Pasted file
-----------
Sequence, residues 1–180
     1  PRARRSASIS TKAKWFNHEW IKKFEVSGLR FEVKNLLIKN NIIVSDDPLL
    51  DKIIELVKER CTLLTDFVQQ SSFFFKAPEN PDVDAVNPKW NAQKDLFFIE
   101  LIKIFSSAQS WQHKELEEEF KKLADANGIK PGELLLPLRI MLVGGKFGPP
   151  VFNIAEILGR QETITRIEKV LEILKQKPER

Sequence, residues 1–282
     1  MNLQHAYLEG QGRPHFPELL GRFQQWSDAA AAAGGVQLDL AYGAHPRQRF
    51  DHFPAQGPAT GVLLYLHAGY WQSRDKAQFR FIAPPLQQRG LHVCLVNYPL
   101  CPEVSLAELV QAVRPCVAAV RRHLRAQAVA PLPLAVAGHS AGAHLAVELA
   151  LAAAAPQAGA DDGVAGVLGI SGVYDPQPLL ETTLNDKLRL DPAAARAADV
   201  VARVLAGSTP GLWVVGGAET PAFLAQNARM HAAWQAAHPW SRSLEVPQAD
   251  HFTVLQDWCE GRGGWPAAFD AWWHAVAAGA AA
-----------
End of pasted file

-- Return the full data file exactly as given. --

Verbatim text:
Sequence, residues 1–180
     1  PRARRSASIS TKAKWFNHEW IKKFEVSGLR FEVKNLLIKN NIIVSDDPLL
    51  DKIIELVKER CTLLTDFVQQ SSFFFKAPEN PDVDAVNPKW NAQKDLFFIE
   101  LIKIFSSAQS WQHKELEEEF KKLADANGIK PGELLLPLRI MLVGGKFGPP
   151  VFNIAEILGR QETITRIEKV LEILKQKPER

Sequence, residues 1–282
     1  MNLQHAYLEG QGRPHFPELL GRFQQWSDAA AAAGGVQLDL AYGAHPRQRF
    51  DHFPAQGPAT GVLLYLHAGY WQSRDKAQFR FIAPPLQQRG LHVCLVNYPL
   101  CPEVSLAELV QAVRPCVAAV RRHLRAQAVA PLPLAVAGHS AGAHLAVELA
   151  LAAAAPQAGA DDGVAGVLGI SGVYDPQPLL ETTLNDKLRL DPAAARAADV
   201  VARVLAGSTP GLWVVGGAET PAFLAQNARM HAAWQAAHPW SRSLEVPQAD
   251  HFTVLQDWCE GRGGWPAAFD AWWHAVAAGA AA